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Rolling Stone's Taylor Swift cover was an unsubtle wet t-shirt contest entry rather than her usual cute lewk, which is significant because the magazine has angled their feature as "The Reinvention of Taylor Swift." One issue, though: She might be doing full on pop now, but she still talks about cats and friendship.
Like, for example, this secondhand cat story:
"So my brother comes home the other day," Taylor Swift says, "and he goes, 'Oh, my God—I just saw a guy walking down the street with a cat on his head.'"
As an ardent fan of ready-made metaphors, as well as of cats, Swift was excited by this. "My first reaction was, 'Did you take a picture?'" she says. "And then I thought about it. Half of my brain was going, 'We should be able to take a picture if we want to. That guy is asking for it—he's got a cat on his head!' But the other half was going, 'What if he just wants to walk around with a cat on his head, and not have his picture taken all day?"
And this friendship name drop situation:
Swift leads the way into one of her four guest bedrooms. "This is where Karlie usually stays," she says—meaning supermodel Karlie Kloss, one of her new BFFs, whom she met nine months ago at the Victoria's Secret fashion show. There's a basket of Kloss's favorite Whole Foods treats next to the bed, and multiple photos of her on the walls. Against another wall, there's a rack full of white nightgowns. "This is a thing me and Lena have," says Swift—meaning Lena Dunham, another recent friend. "We wear them during the day and look like pioneer women, fresh off the Oregon Trail."
And this juicy little blind item about frenemies embedded in the interview:
Swift's focus on sisterhood cuts both ways, because when another woman crosses her, she's equally fierce about hitting back. The angriest song on 1989 is called "Bad Blood," and it's about another female artist Swift declines to name. "For years, I was never sure if we were friends or not," she says. "She would come up to me at awards shows and say something and walk away, and I would think, 'Are we friends, or did she just give me the harshest insult of my life?'" Then last year, the other star crossed a line. "She did something so horrible," Swift says. "I was like, 'Oh, we're just straight-up enemies.' And it wasn't even about a guy! It had to do with business. She basically tried to sabotage an entire arena tour. She tried to hire a bunch of people out from under me. And I'm surprisingly non-confrontational—you would not believe how much I hate conflict. So now I have to avoid her. It's awkward, and I don't like it."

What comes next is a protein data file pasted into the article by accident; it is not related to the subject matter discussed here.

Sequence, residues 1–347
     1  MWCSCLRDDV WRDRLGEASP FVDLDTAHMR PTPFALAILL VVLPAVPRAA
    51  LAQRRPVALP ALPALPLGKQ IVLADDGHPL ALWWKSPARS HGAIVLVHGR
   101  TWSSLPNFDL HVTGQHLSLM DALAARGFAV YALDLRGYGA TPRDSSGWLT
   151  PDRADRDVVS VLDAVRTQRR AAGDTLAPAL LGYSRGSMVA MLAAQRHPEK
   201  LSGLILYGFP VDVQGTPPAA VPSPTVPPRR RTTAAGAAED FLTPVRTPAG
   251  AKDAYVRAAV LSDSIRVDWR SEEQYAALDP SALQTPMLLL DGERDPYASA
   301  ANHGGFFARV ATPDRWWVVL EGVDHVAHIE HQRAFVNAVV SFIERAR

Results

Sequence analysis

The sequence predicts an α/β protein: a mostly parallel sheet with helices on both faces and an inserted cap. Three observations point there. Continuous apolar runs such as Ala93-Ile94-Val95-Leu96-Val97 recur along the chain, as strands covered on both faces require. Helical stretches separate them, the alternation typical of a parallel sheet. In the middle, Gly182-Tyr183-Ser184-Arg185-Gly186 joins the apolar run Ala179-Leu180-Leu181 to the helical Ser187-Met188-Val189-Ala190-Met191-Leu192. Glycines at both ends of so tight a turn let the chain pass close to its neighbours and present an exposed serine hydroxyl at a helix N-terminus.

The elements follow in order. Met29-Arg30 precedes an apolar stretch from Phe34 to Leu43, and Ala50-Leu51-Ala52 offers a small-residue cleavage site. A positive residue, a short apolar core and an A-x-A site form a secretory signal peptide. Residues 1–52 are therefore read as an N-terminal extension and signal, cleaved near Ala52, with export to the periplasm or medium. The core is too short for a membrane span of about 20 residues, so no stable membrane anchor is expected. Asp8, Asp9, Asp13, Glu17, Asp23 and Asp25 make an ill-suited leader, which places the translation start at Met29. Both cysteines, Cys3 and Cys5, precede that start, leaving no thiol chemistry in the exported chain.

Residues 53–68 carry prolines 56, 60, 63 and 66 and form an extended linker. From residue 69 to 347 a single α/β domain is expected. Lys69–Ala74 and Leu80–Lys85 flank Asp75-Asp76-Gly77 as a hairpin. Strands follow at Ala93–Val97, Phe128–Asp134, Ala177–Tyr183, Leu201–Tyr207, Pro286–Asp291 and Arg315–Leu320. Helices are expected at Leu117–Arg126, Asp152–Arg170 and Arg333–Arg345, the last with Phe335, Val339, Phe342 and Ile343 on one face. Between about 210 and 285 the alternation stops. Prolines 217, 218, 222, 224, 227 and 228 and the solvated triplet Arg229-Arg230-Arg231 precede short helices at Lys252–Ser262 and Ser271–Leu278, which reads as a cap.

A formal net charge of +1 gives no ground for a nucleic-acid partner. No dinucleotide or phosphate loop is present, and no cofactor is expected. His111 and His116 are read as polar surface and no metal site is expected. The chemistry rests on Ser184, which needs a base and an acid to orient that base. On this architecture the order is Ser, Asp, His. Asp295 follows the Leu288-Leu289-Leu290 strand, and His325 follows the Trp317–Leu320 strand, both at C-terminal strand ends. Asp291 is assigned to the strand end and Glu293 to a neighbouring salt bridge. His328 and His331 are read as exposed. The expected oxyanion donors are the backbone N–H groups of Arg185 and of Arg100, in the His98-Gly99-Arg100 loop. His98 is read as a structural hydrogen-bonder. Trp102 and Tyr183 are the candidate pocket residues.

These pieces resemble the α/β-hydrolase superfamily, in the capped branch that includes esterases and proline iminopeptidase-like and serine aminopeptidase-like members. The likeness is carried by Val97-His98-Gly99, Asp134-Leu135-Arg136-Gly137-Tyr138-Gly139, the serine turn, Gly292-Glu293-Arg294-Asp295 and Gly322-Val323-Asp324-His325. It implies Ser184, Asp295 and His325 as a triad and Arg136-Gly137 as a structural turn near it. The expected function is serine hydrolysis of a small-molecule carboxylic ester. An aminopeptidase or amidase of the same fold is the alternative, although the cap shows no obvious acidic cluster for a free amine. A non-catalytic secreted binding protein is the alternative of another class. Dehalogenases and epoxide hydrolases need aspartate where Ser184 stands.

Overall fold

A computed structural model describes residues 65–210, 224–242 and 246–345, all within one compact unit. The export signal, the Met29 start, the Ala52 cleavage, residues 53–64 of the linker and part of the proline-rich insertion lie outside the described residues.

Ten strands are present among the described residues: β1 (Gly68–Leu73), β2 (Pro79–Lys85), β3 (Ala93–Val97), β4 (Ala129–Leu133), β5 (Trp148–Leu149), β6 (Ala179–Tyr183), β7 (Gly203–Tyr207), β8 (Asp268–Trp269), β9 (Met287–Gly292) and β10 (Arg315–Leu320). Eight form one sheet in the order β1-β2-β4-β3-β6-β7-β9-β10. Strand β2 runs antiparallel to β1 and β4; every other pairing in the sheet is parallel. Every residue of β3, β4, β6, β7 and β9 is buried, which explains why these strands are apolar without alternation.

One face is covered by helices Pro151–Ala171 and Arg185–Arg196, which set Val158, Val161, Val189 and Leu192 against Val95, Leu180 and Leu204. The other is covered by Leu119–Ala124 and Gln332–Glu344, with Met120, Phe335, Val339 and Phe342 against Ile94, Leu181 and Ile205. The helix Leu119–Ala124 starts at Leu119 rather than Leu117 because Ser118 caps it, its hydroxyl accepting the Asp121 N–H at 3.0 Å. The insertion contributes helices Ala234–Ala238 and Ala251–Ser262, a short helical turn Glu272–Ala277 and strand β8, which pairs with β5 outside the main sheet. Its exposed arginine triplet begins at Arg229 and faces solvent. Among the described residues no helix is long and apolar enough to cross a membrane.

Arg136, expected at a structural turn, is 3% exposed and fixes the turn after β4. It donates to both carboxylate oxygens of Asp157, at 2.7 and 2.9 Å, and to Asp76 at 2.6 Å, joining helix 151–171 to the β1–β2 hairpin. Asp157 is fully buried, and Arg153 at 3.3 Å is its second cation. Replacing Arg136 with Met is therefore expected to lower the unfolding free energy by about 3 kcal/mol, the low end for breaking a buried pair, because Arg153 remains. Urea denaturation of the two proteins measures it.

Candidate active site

On the new side, she's owning to her feminism now:
"Earlier in her career, Swift deflected questions about feminism because she didn't want to alienate male fans. But these days, she's proud to identify herself as a feminist. To her, all feminism means is wanting women to have the same opportunities as men. "I don't see how you could oppose that." Dunham says Swift has always been a feminist whether she called herself one or not: "She runs her own company, she's creating music that connects to other women instead of creating a sexual persona for the male gaze, and no one is in control of her. If that's not feminism, what is?"
But then, of course, scones:
In front of her, two bodyguards clear a path. Behind her, another bodyguard carries a bag of scones.
There's also a lot of talk about not dating and privacy. So, in conclusion, it's really just old TSwift with a new sheen of wet t-shirtness, pop, and feminism?
From the archives: 'Erica Young on Designing Beyonce's Sexy Legwear'